Access Type

Open Access Dissertation

Date of Award

January 2017

Degree Type


Degree Name



Immunology and Microbiology

First Advisor

Philip E. Pellett


Human cytomegalovirus (HCMV) is a ubiquitous viral pathogen. In individuals with fully functioning and mature immune systems, HCMV is associated with mild symptoms prior to establishing latency. In individuals with naïve or compromised immune systems, HCMV is capable of causing severe organ damage. HCMV is the leading infectious cause of congenital birth defects and a major non-genetic cause of hearing loss. Unfortunately, antiviral treatment options lack diversity due to limited knowledge of virion replication. If HCMV replication were better understood, new antiviral treatments could be developed.

In this work, we describe the development and implementation of new tools to study HCMV replication with a focus on envelopment and egress. We generated a novel HCMV bacterial artificial chromosome (BAC) expression system for characterizing the effects of exogenous proteins in the context of HCMV replication. While demonstrating the new BAC, TB40/E/Cre, we are also able to draw conclusions relating HCMV genome size to replication efficiency. In addition, we characterize the transcriptional profile of cellular proteins during HCMV infection. We found that HCMV causes significant alteration in host mRNA expression and targets a number of transcripts related to vesicle-mediated trafficking. By tracing the effects of HCMV on cellular trafficking, we propose a model of virion envelopment and egress.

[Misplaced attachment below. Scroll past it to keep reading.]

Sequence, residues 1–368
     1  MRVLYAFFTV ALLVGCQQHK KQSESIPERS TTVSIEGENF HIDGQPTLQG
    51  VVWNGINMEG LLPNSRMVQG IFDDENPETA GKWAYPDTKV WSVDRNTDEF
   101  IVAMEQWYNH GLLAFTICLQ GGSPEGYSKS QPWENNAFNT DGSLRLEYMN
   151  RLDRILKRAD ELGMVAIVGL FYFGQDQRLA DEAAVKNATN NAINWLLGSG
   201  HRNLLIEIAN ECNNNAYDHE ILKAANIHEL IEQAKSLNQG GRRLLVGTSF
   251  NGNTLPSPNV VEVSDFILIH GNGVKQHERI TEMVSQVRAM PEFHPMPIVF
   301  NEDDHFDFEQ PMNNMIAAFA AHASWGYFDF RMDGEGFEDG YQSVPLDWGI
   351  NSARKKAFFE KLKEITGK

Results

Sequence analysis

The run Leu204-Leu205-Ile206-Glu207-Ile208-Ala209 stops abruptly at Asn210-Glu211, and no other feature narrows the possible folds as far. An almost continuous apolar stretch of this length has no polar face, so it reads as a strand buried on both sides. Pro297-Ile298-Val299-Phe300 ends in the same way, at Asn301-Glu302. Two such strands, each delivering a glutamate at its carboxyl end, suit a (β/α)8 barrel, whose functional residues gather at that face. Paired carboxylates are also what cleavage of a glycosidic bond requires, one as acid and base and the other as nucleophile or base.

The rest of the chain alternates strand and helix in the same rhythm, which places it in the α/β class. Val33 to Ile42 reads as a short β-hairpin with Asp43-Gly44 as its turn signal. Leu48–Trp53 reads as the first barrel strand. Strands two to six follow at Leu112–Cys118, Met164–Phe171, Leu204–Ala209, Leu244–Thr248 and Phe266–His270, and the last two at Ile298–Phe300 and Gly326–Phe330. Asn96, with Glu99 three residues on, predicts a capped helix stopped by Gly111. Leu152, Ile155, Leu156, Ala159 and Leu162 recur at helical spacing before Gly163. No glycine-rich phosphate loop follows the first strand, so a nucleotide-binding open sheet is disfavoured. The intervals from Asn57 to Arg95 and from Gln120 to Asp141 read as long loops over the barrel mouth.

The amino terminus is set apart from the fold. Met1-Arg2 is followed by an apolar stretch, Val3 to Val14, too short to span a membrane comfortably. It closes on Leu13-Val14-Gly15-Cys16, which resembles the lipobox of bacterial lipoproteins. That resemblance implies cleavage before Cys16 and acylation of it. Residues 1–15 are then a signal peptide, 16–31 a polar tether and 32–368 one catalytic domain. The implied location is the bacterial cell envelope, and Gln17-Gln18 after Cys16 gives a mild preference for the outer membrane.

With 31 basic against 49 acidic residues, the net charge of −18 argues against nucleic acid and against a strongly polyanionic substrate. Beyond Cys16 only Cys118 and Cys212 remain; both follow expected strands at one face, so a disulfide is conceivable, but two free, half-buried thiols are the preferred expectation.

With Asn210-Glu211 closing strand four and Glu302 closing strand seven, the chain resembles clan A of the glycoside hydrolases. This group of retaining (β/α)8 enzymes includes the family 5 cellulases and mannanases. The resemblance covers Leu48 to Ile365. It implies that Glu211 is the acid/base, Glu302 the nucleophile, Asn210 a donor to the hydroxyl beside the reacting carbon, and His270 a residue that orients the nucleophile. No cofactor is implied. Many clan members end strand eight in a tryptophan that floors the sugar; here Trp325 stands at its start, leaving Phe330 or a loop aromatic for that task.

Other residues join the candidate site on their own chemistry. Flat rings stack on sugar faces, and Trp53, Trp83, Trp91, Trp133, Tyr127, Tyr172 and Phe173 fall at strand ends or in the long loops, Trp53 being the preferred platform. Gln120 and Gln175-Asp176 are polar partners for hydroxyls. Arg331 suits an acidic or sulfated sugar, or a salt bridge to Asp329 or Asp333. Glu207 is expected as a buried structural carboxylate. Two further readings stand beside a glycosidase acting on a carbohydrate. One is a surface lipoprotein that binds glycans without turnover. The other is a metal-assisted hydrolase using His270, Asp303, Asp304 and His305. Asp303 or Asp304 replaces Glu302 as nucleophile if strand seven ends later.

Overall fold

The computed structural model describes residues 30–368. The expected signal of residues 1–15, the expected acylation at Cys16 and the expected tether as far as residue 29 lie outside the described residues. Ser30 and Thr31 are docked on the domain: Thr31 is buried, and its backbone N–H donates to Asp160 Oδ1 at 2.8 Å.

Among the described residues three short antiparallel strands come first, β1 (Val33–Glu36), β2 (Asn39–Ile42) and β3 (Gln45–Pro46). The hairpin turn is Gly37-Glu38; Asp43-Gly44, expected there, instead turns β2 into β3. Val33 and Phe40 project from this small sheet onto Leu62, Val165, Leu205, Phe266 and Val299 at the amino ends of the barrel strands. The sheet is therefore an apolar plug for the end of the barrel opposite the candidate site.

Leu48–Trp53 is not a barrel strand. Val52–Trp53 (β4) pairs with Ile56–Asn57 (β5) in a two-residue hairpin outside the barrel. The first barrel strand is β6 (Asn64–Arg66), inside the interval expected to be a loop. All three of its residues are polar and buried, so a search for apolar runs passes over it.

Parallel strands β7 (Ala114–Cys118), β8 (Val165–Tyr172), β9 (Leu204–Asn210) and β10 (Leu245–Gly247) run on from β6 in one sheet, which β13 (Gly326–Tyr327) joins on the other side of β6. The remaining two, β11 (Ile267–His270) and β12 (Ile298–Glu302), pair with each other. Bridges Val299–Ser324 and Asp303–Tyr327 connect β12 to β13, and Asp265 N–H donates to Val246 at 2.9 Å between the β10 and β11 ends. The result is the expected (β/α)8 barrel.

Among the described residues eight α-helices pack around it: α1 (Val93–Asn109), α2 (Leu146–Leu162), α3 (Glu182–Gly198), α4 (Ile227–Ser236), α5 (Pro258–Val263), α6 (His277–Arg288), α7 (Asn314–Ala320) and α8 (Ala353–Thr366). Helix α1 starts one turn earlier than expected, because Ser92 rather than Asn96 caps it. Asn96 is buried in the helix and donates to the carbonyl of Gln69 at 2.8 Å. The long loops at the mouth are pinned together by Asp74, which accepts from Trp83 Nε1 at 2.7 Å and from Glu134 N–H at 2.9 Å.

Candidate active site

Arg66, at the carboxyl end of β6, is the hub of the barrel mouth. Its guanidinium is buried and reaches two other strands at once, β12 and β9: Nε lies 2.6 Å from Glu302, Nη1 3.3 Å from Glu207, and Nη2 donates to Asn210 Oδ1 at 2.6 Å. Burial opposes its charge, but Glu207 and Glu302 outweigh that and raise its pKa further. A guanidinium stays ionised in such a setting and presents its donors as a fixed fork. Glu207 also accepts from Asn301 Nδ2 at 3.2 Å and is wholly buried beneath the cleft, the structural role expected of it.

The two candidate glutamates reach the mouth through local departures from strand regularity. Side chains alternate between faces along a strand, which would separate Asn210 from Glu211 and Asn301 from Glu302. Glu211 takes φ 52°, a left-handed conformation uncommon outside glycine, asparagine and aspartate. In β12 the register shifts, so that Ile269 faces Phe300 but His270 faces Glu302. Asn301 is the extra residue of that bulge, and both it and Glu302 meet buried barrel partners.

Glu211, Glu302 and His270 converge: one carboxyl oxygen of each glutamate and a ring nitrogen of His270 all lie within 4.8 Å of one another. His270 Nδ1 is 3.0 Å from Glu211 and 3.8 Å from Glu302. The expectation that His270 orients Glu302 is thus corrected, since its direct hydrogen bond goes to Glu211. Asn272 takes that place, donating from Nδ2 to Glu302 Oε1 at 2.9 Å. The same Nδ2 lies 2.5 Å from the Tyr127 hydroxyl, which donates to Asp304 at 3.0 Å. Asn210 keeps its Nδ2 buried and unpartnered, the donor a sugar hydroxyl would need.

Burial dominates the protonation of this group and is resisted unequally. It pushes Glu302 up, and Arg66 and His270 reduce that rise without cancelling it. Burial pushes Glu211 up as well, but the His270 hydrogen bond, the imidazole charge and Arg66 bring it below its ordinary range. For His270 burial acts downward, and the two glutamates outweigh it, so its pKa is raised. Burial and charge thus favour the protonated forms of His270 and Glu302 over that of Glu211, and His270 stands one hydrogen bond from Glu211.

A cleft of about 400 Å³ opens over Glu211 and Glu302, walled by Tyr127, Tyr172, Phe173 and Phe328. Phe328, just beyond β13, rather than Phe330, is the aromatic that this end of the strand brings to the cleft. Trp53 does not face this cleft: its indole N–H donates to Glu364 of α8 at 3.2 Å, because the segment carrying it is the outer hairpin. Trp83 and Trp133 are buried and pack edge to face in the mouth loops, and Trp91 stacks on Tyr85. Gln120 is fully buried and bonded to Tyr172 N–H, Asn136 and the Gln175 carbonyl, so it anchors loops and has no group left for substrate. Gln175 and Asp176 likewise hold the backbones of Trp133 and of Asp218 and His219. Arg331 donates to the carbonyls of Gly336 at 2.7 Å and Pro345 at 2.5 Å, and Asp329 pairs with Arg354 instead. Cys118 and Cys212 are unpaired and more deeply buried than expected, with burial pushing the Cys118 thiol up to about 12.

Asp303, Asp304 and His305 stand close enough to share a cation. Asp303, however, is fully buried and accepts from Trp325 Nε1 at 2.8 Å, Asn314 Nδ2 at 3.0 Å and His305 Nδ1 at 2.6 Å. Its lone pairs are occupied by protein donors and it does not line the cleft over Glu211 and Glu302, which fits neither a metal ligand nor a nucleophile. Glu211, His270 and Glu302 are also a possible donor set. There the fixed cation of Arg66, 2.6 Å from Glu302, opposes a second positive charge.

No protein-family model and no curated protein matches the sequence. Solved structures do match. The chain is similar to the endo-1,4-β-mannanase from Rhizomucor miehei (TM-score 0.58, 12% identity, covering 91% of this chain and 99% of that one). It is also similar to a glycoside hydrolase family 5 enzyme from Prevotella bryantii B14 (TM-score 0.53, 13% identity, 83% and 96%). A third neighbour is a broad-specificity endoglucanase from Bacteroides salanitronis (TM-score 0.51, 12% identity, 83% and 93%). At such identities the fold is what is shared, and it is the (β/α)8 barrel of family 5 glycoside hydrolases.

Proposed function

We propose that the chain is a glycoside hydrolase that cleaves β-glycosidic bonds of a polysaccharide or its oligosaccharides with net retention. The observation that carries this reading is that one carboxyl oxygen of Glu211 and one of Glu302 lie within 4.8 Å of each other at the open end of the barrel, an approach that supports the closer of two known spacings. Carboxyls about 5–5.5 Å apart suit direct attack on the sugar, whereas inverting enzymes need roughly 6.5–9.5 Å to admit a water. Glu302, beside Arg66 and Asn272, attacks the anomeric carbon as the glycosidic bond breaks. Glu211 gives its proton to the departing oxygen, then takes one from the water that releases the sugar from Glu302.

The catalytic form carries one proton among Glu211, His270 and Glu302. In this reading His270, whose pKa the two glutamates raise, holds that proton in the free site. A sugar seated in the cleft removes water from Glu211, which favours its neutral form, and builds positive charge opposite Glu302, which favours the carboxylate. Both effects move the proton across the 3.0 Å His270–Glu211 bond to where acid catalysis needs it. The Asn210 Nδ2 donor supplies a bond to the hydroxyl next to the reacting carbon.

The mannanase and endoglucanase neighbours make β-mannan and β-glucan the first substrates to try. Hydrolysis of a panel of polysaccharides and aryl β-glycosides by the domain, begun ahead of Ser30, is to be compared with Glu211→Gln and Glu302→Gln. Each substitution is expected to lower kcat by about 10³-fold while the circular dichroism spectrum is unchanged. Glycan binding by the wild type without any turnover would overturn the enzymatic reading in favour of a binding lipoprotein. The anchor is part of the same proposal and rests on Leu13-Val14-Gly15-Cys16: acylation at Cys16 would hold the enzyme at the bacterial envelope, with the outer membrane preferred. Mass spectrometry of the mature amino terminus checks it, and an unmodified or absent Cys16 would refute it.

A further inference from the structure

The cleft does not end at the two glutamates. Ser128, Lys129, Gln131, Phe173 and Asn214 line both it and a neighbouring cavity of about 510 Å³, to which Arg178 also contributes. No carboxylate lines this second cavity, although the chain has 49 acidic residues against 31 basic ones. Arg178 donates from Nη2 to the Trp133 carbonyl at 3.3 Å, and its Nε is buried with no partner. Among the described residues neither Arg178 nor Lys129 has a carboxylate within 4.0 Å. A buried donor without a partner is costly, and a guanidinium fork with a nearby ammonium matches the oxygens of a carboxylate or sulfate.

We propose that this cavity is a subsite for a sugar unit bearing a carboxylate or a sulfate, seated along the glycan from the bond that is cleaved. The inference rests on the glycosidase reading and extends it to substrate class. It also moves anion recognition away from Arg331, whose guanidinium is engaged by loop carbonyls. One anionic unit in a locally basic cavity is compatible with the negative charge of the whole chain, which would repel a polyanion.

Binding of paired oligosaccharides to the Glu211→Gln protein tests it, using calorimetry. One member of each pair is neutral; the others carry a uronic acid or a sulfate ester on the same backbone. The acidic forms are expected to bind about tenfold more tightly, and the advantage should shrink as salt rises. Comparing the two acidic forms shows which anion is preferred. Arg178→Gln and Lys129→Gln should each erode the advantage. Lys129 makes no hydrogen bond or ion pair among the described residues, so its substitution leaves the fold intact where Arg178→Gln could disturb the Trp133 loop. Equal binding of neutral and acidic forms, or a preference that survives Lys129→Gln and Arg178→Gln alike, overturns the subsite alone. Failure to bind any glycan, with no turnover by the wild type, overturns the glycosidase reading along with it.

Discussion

Through this work, we now have the capability to test our predictions and determine the route of viral maturation and exocytosis in host cells. By constructing a map of HCMV replication, we provide critical control points for use in developing novel antiviral therapies.